Ki-67 and PCNA staining correlate also with histopathological features and survival rates in many premalignant and malignant lesions. For instance, in cervical intraepithelial neoplasia (CIN), an epithelial premalignant lesion, MIB-1 staining correlates with the histopathological classification.13 Similarly, benign melanocytic tumours of the skin show lower levels of Ki-67 and PCNA than skin melanoma.14 15 Few studies have been performed on posterior uveal melanoma. In one study, high Ki-67 but not PCNA levels correlated with larger tumour, tumours of the epithelioid cell type, and shorter survival,9 while in another study, high PC-10 counts were associated with death from metastatic uveal melanoma.16 A third study on 33 choroidal and ciliary body melanomas found no correlation between Ki-67 stain and cellular type, other prognostic factors or survival rates.17 Positive identification of PC-10 and Ki-67 in uveal melanomas was also shown to be lower in tumours after brachytherapy.17 18
In conjunctival melanoma, higher PC-10 counts were found in late tumours compared with early ones, and these higher levels also correlated with bad prognosis.7 19 In a study of 18 atypical PAM lesions, nine progressed to melanoma and seven of these lesions showed positive PC-10 staining; in contrast, only two of the nine lesions that did not progress to melanoma were PC-10 positive.7 However, in these studies the proliferative activity of PAM lesions was not calculated, PAM without atypia was not studied, and Ki-67 levels were not assessed.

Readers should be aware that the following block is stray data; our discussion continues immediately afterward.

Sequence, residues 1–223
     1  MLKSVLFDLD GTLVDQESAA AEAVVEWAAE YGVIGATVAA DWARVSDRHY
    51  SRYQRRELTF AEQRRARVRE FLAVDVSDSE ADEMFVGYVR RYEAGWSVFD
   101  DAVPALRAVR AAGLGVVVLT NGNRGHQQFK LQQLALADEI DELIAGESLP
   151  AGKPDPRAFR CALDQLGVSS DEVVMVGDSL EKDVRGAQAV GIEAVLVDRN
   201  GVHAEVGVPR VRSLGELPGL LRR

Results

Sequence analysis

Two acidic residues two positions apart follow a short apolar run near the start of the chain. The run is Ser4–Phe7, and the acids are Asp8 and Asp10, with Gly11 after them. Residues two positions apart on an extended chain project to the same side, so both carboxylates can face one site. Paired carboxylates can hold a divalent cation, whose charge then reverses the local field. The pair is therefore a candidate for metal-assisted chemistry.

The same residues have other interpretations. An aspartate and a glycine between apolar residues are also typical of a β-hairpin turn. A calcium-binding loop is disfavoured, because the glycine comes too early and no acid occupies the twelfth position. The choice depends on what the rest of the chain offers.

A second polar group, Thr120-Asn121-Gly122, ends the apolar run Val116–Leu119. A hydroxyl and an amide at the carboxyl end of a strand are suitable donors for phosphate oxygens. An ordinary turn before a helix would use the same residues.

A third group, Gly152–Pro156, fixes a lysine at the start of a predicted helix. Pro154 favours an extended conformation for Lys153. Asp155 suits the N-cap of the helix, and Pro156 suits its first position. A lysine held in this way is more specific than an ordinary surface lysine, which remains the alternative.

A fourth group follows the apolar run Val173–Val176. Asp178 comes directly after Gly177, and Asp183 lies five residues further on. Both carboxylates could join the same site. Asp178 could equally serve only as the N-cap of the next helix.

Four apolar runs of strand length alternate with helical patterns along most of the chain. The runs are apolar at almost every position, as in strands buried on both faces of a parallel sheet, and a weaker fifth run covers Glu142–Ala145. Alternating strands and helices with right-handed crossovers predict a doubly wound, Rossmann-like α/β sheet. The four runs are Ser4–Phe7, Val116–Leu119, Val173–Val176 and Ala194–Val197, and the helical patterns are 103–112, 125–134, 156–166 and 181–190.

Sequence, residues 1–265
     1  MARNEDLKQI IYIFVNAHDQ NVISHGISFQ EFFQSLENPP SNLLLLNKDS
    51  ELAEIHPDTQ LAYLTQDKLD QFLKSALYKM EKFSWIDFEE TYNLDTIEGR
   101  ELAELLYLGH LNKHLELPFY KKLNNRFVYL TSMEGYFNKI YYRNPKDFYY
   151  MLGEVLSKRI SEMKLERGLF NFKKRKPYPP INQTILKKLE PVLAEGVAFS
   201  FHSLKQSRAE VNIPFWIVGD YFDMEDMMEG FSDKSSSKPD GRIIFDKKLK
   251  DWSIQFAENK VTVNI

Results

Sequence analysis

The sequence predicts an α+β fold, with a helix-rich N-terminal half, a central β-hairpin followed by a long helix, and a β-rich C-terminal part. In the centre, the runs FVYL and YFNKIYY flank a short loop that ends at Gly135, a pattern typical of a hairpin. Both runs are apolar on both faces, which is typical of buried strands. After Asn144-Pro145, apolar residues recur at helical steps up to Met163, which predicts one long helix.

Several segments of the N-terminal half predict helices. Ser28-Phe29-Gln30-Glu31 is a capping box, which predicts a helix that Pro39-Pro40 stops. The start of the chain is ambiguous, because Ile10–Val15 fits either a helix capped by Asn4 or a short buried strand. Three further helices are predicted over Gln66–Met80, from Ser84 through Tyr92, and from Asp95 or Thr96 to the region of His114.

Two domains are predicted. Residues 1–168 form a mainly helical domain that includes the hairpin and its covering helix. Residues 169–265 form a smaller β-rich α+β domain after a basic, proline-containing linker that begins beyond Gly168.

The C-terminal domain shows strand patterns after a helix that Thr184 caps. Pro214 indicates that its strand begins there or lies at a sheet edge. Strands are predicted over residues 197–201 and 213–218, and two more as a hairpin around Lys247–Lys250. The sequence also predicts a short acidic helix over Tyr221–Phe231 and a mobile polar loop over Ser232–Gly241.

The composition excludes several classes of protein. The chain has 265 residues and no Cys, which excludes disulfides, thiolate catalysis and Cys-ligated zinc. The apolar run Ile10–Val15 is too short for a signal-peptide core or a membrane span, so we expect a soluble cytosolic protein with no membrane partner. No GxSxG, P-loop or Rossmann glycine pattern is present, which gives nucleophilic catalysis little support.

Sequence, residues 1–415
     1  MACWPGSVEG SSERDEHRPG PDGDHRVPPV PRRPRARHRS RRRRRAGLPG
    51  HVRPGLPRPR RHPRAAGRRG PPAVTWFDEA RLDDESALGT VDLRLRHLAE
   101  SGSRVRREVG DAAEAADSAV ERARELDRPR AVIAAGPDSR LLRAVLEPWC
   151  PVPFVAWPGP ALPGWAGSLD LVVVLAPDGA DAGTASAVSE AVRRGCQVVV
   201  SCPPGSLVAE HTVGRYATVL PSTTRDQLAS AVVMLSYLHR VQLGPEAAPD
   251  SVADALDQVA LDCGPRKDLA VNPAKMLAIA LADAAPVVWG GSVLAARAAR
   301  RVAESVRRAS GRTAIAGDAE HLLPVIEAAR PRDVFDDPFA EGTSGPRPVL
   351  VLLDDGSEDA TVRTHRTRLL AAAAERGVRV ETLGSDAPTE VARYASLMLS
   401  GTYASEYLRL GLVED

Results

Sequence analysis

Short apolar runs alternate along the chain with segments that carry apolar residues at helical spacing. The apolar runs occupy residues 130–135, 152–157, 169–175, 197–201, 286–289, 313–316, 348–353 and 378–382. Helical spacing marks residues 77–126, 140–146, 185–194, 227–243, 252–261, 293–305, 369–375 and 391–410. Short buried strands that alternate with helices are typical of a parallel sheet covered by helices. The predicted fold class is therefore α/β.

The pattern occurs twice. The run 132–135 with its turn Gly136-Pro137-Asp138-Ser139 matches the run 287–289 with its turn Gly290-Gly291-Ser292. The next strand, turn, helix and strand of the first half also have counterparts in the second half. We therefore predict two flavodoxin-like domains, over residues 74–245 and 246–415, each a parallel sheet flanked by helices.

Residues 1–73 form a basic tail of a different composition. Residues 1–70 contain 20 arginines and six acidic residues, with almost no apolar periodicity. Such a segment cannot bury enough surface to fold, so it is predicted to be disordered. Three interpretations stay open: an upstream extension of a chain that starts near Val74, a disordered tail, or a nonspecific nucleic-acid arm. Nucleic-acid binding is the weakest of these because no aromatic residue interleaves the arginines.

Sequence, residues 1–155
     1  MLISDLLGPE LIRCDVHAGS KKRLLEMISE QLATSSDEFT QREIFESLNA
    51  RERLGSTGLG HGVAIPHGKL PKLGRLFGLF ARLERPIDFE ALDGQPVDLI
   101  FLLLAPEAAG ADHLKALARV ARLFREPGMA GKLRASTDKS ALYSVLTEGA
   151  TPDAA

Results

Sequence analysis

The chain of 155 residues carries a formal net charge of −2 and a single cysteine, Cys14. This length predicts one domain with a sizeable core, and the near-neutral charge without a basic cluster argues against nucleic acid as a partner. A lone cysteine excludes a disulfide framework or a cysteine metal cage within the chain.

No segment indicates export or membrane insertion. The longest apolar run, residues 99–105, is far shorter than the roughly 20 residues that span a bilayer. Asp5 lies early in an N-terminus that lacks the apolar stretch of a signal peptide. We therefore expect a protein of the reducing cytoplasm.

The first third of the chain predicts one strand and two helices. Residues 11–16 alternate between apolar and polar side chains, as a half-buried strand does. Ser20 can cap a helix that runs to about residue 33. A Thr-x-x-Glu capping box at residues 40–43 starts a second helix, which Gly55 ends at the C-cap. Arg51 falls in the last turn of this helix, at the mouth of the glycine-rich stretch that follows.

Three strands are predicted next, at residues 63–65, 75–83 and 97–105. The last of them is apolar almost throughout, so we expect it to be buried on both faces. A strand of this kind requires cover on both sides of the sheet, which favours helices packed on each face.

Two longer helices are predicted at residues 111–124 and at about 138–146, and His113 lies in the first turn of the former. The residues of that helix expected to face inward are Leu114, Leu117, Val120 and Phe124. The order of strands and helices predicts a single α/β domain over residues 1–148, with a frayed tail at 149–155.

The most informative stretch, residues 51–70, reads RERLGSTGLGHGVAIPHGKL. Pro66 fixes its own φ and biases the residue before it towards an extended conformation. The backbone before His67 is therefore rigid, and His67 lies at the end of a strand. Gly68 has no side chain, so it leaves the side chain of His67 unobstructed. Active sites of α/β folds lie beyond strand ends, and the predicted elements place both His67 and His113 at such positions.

We assessed the proliferative activity in PAM with atypia compared with PAM without atypia featuring melanocytic hyperplasia by cytologically normal melanocytes, using PC-10 and MIB-1 monoclonal antibodies. For both markers, each observer found a significantly higher proliferative activity in lesions with atypia. In order to evaluate the reproducibility of the method, we assessed interobserver variability and the significance of the differences between the MIB-1 and PC-10 positive cell count in PAM without and with atypia in a linear least square model. In that model the counts of the two observers were reproducible and the differences between the positive cell count in PAM without and with atypia remained significant.
Although in the present study both stainings showed comparable results, MIB-1 has a few advantages over PC-10. In previous studies, staining of the Ki-67 antigen was found to be a more accurate estimator of the proliferative activity and it was more commonly found to correlate with histopathological grading and prognosis than PC-10 which recognises PCNA.6 8 11 The PCNA protein has a relatively long half life so that it remains in the nuclei of cells that are not proliferating but are participating in DNA repair.11
The present study was planned to correlate the histological findings in PAM lesions with the proliferative activity as assessed by immunostaining. Patients who have conjunctival PAM without atypia seldom progress to melanoma, whereas a significant proportion of patients whose lesions contain cytological atypia do progress to melanoma. For pathologists who require an objective method of separating PAM without atypia from PAM with atypia, immunostaining with proliferation markers such as PC-10 and MIB-1 may be helpful. Further studies are required to determine if proliferation markers are more sensitive than conventional histological classification in identifying patients at higher risk for progression to conjunctival melanoma.
This study was presented in part at the International Symposium on Ocular Tumors, Jerusalem, Israel, 6–10 April, 1997.
Supported in part by an unrestricted grant from Research to Prevent Blindness, Inc (University of Iowa), New York, New York.